Thursday, 5 November 2009

Oracle Coherence - read-write-backing-map-scheme

I spent the last 2 weeks in Boston working with the oracle coherence team and how that product works and I am impressed with it. One thing which I was keen on testing out / learning in depth was the read-write-backing-map-scheme. I specifically wanted to learn write-behind which when enabled the cache will delay writes to the back end cache store, which in my example would be an Oracle 11g database. To me there is really only 2 options for this to be as quick as possible and of course use connection pooling which UCP (Oracle Universal Connection Pool) is perfect for.

1. JDBC Batching
2. PLSQL bulk binds

Whats important though is that we only commit after X amount of records, and only go to the database when we are ready to insert those X amount of records in a single round trip. To me PLSQL bulk binds make sense here, as all it takes is to convert those cache entries into an SQL object which the database can interpret from PLSQL. Once that's done your PLSQL is as simple as this really.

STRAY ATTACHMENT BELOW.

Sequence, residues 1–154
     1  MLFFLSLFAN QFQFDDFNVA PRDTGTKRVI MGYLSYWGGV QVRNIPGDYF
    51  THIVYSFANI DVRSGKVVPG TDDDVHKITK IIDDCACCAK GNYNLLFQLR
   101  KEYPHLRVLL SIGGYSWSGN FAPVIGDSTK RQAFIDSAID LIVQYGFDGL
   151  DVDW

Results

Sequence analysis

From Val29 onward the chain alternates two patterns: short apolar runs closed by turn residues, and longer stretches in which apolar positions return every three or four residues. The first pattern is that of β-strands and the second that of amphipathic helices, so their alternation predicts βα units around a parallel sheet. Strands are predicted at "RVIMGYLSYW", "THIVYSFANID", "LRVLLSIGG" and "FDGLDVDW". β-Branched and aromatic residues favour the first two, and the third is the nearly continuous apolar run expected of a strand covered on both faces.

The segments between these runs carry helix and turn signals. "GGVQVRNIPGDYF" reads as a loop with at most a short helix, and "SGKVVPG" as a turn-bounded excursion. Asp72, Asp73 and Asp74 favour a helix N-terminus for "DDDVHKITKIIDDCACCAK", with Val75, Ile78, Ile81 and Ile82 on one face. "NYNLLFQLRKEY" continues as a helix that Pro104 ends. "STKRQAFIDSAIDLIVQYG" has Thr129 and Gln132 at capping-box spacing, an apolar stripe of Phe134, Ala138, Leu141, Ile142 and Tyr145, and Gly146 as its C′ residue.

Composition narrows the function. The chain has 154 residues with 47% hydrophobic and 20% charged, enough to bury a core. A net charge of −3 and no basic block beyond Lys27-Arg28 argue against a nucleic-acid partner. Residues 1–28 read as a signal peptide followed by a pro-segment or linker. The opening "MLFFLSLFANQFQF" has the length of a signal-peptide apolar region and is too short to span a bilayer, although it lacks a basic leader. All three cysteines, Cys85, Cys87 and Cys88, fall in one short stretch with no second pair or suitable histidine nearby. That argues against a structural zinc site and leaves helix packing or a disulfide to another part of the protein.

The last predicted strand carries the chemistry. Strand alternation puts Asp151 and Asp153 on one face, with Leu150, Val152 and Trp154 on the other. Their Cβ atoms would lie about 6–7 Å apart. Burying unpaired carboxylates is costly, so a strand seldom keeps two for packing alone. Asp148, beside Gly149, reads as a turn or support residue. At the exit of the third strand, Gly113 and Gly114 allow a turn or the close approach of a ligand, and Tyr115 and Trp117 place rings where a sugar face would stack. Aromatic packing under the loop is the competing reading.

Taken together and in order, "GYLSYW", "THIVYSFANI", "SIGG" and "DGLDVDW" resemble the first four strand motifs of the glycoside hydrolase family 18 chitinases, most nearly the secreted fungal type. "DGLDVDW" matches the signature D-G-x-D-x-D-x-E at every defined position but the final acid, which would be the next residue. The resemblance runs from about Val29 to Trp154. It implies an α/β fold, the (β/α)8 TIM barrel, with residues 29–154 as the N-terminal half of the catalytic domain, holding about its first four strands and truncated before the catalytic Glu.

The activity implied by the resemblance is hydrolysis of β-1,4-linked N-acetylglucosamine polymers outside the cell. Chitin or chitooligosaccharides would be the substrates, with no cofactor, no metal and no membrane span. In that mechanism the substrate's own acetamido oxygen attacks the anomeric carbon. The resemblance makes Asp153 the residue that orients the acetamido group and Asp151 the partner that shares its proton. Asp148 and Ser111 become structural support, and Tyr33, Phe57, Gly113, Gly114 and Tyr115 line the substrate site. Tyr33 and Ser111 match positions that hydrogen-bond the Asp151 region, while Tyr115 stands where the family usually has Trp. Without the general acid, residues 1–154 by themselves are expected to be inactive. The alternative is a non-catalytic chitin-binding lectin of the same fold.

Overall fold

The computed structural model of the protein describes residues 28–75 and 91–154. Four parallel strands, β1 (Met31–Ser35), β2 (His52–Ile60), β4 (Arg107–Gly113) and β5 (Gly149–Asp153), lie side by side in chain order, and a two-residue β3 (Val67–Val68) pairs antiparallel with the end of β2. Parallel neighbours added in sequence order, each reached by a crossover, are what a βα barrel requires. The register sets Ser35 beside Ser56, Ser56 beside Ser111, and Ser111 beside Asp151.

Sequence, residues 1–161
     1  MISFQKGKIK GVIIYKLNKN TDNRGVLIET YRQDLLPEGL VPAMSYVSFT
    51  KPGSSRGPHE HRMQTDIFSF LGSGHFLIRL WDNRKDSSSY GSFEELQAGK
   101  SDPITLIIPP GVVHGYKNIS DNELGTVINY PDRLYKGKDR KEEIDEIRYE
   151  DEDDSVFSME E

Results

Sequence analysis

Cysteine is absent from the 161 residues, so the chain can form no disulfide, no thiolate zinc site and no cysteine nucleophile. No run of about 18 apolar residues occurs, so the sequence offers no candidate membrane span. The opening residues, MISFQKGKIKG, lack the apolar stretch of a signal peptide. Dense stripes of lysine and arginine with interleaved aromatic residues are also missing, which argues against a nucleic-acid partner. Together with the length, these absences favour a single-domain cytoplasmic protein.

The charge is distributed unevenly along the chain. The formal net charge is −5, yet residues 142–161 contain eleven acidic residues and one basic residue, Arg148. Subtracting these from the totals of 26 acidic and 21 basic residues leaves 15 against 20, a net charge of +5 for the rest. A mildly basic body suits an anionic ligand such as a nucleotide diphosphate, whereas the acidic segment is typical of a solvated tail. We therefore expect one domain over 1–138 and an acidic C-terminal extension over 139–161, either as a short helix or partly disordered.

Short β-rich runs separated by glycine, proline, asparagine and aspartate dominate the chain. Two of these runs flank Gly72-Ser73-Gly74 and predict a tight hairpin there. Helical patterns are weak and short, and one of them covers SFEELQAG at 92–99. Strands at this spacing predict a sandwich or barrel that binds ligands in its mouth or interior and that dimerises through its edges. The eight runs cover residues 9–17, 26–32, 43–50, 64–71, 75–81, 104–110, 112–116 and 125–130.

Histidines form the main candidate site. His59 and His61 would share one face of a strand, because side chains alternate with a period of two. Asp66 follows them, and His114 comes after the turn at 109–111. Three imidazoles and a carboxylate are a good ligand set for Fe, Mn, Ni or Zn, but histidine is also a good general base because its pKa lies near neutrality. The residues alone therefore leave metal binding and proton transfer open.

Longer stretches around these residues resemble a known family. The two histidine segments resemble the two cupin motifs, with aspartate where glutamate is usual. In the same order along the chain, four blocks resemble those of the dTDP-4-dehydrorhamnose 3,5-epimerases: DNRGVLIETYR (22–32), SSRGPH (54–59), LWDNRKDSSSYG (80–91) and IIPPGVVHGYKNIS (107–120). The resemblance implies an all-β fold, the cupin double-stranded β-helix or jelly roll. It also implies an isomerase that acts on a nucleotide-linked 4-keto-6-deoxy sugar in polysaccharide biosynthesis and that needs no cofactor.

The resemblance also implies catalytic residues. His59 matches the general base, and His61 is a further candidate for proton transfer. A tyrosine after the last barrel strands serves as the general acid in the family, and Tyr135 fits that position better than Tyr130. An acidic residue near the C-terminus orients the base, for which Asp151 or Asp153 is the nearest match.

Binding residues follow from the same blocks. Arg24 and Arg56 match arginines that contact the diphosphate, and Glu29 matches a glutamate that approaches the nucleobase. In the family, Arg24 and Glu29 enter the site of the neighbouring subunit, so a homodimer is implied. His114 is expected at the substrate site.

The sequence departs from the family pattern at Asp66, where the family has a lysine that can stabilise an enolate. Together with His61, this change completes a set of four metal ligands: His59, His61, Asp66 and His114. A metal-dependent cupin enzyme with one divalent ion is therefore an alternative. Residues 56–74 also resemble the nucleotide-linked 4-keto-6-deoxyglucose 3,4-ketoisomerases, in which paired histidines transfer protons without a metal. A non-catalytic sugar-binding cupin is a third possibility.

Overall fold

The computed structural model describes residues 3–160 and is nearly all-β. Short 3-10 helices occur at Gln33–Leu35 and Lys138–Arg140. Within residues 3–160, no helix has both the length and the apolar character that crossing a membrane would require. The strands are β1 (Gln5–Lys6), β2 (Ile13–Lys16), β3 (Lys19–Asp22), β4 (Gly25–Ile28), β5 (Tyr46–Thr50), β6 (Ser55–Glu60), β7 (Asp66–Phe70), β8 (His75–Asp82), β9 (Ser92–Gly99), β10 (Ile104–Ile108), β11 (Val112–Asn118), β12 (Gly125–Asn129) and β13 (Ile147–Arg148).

FORALL i IN mid.FIRST..mid.LAST
insert into messages (message_id, message_type, message)
values (mid(i), mt(i), m(i));

COMMIT;

I will post a full example on this shortly which also shows how to read the data back into the cache.

More about this can be found here on what I want to setup. My initial testing showed 1,000,000 records inserted without too much issues BUT there are a couple of things to be aware from coherence and oracle itself.

http://coherence.oracle.com/display/COH35UG/Read-Through%2C+Write-Through%2C+Write-Behind+and+Refresh-Ahead+Caching

4 comments:

Anonymous said...

Could you pelase post the example which you mentioned. Thanks

Pas Apicella said...

Took me a while to get this going but if you have access My Oracle Support you can download / run the demo as follows

Write-Behind Caching Using An Oracle Database and PLSQL Bulk Binds (Doc ID 970104.1)

PLSQL Bulk binds through JDBC involves a little more code but worth the effort if your inserting large/frequent amounts of records through a cache store.

It's all documented in the note above.

Anonymous said...

Hi, is the above document still available? any example code would be much appreciated

Pas Apicella said...

You have to log into oracle support portal for this code.